+0

# A function f has a horizontal asymptote of y=-4, a vertical asymptote of x=3 and an x-intercept at (1, 0).

+4
137
3

A function f has a horizontal asymptote of y=-4, a vertical asymptote of x=3 and an x-intercept at (1, 0).

a) Let f be of the form $$f(x) = \frac{rx+s}{2x+t}$$. Find an expression for f(x).

b) Let f be of the form $$f(x) = \frac{ax+b}{x+c}$$. Find an expression for f(x).

Jun 24, 2020

#1
+2

(a) We use the vertical asymptote, x=3, to help us solve for c. We let x be 3. We need to find c so that the denominator, x+c, is 0, and the fraction is undefined.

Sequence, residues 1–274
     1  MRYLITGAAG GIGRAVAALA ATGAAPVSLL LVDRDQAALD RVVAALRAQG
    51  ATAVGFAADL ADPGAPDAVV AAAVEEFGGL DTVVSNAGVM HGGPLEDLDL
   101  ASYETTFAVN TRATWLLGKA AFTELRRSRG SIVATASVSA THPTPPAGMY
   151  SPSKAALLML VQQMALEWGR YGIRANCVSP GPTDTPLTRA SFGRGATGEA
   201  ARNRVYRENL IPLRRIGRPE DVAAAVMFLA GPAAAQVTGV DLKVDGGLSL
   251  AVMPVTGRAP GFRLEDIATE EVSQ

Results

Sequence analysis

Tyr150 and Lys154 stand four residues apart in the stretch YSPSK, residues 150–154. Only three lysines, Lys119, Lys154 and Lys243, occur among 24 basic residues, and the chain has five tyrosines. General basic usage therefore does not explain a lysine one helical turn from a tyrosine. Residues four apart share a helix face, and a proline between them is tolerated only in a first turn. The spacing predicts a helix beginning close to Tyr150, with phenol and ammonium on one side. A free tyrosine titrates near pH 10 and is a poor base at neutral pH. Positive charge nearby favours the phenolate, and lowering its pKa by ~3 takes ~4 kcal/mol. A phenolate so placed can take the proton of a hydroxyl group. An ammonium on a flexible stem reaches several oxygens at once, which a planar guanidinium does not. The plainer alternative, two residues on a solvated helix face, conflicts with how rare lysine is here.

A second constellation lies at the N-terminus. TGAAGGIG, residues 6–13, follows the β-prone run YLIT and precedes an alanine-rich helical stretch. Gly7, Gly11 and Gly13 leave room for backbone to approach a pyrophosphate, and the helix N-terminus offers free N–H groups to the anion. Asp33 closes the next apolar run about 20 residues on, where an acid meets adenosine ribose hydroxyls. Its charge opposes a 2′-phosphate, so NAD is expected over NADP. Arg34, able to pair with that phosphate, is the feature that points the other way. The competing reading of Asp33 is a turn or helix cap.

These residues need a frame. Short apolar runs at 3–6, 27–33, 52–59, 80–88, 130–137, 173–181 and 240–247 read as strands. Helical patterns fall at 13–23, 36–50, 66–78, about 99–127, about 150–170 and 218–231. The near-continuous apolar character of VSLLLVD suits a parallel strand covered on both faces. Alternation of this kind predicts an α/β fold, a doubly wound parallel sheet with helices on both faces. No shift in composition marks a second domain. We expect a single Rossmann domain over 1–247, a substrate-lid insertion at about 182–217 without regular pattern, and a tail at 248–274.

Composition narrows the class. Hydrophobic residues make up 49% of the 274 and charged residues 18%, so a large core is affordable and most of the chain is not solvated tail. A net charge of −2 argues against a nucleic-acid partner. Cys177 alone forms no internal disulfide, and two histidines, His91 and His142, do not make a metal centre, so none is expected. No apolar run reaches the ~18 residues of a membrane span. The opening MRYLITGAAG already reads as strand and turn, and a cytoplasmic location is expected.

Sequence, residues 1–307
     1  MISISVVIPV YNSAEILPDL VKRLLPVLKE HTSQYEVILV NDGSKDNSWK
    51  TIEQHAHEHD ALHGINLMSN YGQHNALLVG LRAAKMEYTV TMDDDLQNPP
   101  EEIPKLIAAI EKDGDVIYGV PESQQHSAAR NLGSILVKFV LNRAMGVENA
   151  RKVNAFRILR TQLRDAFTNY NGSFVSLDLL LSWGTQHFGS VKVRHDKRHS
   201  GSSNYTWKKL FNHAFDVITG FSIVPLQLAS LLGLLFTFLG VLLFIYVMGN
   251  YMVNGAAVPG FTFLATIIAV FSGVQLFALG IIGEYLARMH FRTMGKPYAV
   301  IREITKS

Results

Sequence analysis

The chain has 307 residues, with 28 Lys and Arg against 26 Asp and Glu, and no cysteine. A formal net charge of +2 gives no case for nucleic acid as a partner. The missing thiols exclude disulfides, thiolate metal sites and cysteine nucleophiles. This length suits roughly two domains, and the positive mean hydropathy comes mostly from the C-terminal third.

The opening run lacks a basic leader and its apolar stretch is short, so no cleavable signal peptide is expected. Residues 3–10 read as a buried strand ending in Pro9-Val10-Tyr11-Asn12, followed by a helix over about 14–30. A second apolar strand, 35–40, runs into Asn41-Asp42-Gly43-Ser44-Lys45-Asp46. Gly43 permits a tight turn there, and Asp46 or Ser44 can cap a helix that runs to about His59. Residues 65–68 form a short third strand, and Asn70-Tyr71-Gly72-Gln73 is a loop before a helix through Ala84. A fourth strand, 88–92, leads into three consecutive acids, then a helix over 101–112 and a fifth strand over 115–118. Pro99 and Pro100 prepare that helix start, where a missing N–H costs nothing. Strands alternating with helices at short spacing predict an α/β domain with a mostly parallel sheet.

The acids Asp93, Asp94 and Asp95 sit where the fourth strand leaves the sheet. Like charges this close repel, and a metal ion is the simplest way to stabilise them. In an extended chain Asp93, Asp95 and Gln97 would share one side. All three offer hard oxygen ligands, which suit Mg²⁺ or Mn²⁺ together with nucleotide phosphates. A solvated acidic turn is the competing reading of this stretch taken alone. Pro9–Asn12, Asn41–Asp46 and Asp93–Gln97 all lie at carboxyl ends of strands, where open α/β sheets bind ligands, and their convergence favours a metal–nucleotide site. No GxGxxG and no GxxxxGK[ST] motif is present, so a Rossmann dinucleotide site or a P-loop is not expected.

$$x+c=0\\3+c=0\\c=-3.$$

We let f(x) equal to y and plug in the value of c. We then have

$$y=\frac{ax+b}{x-3}\\y(x-3)=\frac{ax+b}{x-3}(x-3)\\y(x-3)=ax+b\\xy-3y=ax+b\\xy-ax=b+3y\\x(y-a)=b+3y\\x=\frac{3y+b}{-a+y}.$$

Now we use the horizontal asymptote y=-4 to help us solve for a. Using similar logic as we solved for c to solve for a, we get

$$-a+y=0\\-a-4=0\\a=-4.$$

We then plug the values of a and c into $$f(x)=\frac{ax+b}{x-3}$$ to get $$f(x)=\frac{-4x+b}{x-3}$$. We plug in the point (1, 0) into the equation to solve for b. $$f(x)=\frac{-4x+b}{x-3}\\0=\frac{-4(1)+b}{1-3}\\0=\frac{-4+b}{-2}\\0=-4+b\\b=4.$$

Therefore $$f(x) = \frac{ax+b}{x+c}$$ is $$\boxed{f(x) = \frac{-4x+4}{x-3}.}$$

Use similar logic to solve for part (b).

Jun 24, 2020
#2
+3

Thank you so much!!

mathmathj28  Jun 25, 2020
#3
0

I'm a bit confused. Why do we want the fraction to be undefined? Could you please explain this to me?

Thanks

Guest Jun 28, 2020